The Governor-appointed task force has many years of expertise regarding youth with mental and behavioral health needs, and with the Iowa Juvenile Home in particular. The members spent hundreds of hours reviewing data, attending meetings, visiting the campus and preparing reports. This was a thoughtful and thorough process.
Jerry R. Foxhoven, executive director (Task Force Chair), Drake Legal Clinic visited the campus numerous times and works on youth issues regularly.
Dr. Mark R. Peltan, director behavioral services, Mercy Medical Center - North Iowa, head of DHS Council and familiar with campus operations.
Ron Stehl, consultant, used to work for DHS and oversee the Iowa Juvenile Home.
Dr. Mary Stevens, director of special education for the AEA which works with the Iowa Juvenile Home.
Charles Palmer, DHS Director.
3. State Representative Dean Fisher and State Senator Steve Sodders have both expressed surprise at the IJH decision. They have questioned why the matters were not delayed until the legislature convened. What is your response?
The goal of the Governor, the task force, and DHS Director Palmer was to identify how best to serve these youth, and they acted quickly to ensure that these children receive the best care possible in licensed and/or accredited settings. That third-party licensure would not have been achievable in the near future on the Toledo campus. Once the decision was made to find alternative placements, these officials determined it was in the best interest of the youth to move quickly so that the children, their families, the staff, and the community, had certainly on future plans.
4. Local community members are, of course, facing the struggle of losing Toledo's largest employer and employees will find themselves without local jobs-
-Are there any additional plans in place to aid employees other than the Employee Assistance Program (EAP)?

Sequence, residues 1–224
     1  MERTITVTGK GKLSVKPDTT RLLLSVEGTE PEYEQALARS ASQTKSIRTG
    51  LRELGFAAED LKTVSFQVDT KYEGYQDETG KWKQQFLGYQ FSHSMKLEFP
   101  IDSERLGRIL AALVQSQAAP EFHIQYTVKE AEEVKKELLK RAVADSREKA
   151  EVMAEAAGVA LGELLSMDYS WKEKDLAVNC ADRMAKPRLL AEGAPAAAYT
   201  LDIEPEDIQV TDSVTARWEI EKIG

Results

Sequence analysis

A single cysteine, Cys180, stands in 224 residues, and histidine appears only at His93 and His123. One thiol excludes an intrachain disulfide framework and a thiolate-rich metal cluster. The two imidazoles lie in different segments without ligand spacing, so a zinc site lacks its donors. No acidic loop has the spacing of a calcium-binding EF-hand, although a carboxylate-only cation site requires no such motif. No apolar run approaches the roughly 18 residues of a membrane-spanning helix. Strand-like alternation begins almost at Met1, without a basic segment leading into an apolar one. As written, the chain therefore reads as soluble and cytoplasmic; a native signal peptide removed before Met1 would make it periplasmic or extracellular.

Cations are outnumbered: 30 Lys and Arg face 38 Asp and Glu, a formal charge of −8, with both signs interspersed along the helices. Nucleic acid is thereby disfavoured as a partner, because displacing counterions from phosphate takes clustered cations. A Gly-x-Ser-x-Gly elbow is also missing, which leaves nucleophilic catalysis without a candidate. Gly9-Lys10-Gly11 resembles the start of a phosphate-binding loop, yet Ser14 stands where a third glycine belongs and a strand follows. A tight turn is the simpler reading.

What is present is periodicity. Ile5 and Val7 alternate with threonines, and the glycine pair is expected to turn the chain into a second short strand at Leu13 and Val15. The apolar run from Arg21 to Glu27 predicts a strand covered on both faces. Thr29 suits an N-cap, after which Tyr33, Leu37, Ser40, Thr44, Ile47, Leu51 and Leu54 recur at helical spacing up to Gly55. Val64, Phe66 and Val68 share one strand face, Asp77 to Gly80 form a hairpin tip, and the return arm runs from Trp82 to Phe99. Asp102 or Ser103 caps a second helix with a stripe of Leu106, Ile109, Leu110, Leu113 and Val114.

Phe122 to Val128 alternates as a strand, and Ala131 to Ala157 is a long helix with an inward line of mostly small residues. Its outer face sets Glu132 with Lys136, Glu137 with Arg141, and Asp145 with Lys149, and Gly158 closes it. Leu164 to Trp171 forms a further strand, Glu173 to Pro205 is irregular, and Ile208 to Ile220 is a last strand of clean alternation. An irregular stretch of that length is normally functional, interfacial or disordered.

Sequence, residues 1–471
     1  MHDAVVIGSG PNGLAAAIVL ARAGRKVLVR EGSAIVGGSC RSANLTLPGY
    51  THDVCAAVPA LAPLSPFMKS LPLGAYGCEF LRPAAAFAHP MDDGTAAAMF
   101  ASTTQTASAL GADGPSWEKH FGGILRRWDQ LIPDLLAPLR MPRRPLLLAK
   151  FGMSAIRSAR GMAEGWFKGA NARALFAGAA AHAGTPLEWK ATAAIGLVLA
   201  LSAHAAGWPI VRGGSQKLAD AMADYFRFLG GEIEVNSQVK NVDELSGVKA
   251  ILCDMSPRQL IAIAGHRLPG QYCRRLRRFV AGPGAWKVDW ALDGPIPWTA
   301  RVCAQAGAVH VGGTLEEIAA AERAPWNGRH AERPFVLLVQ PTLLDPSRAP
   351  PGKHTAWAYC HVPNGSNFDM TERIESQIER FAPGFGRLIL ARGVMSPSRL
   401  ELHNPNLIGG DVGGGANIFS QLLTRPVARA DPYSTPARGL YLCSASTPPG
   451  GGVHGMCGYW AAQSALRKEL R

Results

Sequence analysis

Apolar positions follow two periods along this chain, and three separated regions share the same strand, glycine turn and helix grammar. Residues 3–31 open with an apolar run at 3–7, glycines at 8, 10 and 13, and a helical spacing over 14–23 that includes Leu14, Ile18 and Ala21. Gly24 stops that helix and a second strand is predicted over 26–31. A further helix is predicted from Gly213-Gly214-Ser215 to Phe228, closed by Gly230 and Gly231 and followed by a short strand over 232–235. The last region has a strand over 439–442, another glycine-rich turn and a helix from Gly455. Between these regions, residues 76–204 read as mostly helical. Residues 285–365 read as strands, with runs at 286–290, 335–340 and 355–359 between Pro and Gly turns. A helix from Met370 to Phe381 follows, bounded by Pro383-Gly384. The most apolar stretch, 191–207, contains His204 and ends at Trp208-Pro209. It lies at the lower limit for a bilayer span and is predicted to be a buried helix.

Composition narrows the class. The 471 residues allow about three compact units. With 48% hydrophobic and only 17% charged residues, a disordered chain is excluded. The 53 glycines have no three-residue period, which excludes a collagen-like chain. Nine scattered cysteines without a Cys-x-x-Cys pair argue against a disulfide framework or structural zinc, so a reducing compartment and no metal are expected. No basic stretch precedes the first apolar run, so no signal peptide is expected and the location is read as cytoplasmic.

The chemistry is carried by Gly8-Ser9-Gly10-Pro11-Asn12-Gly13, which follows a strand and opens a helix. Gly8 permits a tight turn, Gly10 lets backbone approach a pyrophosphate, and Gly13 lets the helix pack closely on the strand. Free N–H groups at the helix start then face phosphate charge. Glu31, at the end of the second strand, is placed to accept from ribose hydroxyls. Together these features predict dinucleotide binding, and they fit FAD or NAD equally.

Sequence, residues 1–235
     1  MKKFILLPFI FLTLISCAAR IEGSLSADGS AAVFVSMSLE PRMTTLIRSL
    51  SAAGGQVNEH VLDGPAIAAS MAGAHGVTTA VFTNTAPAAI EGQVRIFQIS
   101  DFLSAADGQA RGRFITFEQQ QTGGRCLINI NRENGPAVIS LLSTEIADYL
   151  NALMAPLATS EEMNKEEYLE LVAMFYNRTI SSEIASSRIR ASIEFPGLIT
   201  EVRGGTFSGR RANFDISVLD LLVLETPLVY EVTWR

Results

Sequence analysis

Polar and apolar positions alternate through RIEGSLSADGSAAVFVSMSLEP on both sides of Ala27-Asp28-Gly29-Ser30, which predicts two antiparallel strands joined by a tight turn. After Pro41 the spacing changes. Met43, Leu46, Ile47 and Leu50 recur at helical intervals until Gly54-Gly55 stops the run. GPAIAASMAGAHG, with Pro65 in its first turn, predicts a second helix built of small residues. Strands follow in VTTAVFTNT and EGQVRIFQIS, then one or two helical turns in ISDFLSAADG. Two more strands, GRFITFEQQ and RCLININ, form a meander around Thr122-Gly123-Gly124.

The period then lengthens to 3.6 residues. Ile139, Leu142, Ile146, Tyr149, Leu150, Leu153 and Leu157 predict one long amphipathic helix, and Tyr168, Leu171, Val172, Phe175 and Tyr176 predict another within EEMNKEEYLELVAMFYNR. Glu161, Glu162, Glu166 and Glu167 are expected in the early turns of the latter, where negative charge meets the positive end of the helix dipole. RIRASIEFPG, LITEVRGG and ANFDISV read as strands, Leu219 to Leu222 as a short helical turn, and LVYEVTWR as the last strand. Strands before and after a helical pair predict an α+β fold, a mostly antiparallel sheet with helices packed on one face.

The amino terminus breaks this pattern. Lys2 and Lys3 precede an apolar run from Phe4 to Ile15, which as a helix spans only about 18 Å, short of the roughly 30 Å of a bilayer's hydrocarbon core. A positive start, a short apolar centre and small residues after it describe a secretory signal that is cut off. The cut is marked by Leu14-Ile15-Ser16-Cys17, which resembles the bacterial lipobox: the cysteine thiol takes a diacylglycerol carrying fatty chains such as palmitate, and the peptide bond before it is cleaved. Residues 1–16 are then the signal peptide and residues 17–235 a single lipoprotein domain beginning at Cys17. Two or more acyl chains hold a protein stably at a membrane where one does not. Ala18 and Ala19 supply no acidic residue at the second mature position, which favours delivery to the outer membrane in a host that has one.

Yes, there are a variety of services, including continued assistance from EAP, DHS, Iowa Workforce Development and the Department of Administrative Services. Representatives will be on site regularly over the next month to assist employees with information on transfers, applying for jobs and unemployment benefits, and finding educational opportunities. Stations have been set up to allow staff computer access to assist in these processes.
Generally, a layoff does not preclude receiving unemployment. Iowa Workforce Development will make that determination, but DHS will not contest unemployment claims based on this layoff.
5. Some $22 million in campus improvements including a new educational wing, maintenance building and geo-thermal heating have been added to the campus over the past few years. Can this kind of investment be abandoned or is there focus on future use of the Iowa Juvenile Home / State Training School for Girls facilities and campus?
For now, the focus is on the best interests of the youth and exploring other economic opportunities for the community, not on the physical plant. DHS will continue to move forward, based on the task force recommendations, with plans to find the most appropriate placements in licensed and/or accredited settings that will meet these youth's high mental and behavioral health needs. Options will be explored for the campus, and the physical plant will be properly maintained.